As I developed the project at my site, I spent a lot of time talking to host country partners about American culture and politics. Even in communities with limited electricity, and no digital infrastructure to speak of, I was surprised at how excited Fijians were that we had a president who was a person of color. This soft power was obviously complemented by the innumerable, yet invisible ways that our foreign policy affected my local community—from their sense of economic dependency on the tourism industry, to the growing sense of precarity due to climate change. Their sense of insecurity is bound to change. I can only imagine how Peace Corps volunteers in the field are being called upon to explain what has happened.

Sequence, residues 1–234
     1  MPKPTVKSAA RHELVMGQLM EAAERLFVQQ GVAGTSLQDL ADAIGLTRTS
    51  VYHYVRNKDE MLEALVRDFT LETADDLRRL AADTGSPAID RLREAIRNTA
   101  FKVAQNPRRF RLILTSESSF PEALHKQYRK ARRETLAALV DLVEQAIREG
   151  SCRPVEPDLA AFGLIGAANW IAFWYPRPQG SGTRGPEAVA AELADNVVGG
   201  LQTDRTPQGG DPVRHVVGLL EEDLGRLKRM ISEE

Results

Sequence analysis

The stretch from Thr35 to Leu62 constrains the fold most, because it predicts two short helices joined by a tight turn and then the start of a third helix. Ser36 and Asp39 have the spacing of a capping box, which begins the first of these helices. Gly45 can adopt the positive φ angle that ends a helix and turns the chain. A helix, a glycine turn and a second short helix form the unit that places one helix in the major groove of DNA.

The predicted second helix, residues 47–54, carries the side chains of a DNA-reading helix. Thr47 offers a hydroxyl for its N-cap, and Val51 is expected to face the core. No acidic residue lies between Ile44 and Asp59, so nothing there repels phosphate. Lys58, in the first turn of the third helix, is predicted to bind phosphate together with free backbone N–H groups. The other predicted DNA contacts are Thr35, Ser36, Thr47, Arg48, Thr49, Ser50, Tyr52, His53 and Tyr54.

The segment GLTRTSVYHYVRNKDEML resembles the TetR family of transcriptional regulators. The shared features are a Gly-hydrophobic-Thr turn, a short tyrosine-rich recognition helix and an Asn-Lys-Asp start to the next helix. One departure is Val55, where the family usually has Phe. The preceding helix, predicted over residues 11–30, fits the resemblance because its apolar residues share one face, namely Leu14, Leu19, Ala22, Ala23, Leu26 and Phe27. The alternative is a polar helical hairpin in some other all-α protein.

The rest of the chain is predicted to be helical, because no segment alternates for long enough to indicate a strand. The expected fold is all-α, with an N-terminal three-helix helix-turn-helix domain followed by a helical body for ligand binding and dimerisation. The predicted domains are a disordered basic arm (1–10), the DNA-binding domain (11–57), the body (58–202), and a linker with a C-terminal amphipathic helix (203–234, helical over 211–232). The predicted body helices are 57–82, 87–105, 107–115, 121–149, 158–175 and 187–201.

When I returned to the United States, my activism on sexual and reproductive health issues continued. As I tracked the hashtags, incidents of doxing, and threats #GamerGate targets received, I received a call from a friend. She had been roofied and woken up in a hospital with no memory of what had happened to her. Even though she had not been harmed, it was still an act of sexual violence—someone had decided that her sense of power and control over her own body should belong to someone else. As I held my friend’s hand, and considered all the threats and forms of violation those who spoke out against #GamerGate faced, I realized that my sense of fear for the repercussions of speaking out could not outweigh the necessity of building critical consciousness and awareness of the issue. Though they operated in different spheres and social dimensions, the sexism and subterfuge of my friend’s experience and the politics of #GamerGate were intimately interconnected. As Audre Lorde reminds us, silence will not protect you, even if sometimes silence seems like a refuge. As anthropologists, we do not necessarily leave our politics at the door of the academy, nor is objectivity necessarily eliminated by investment in a cause.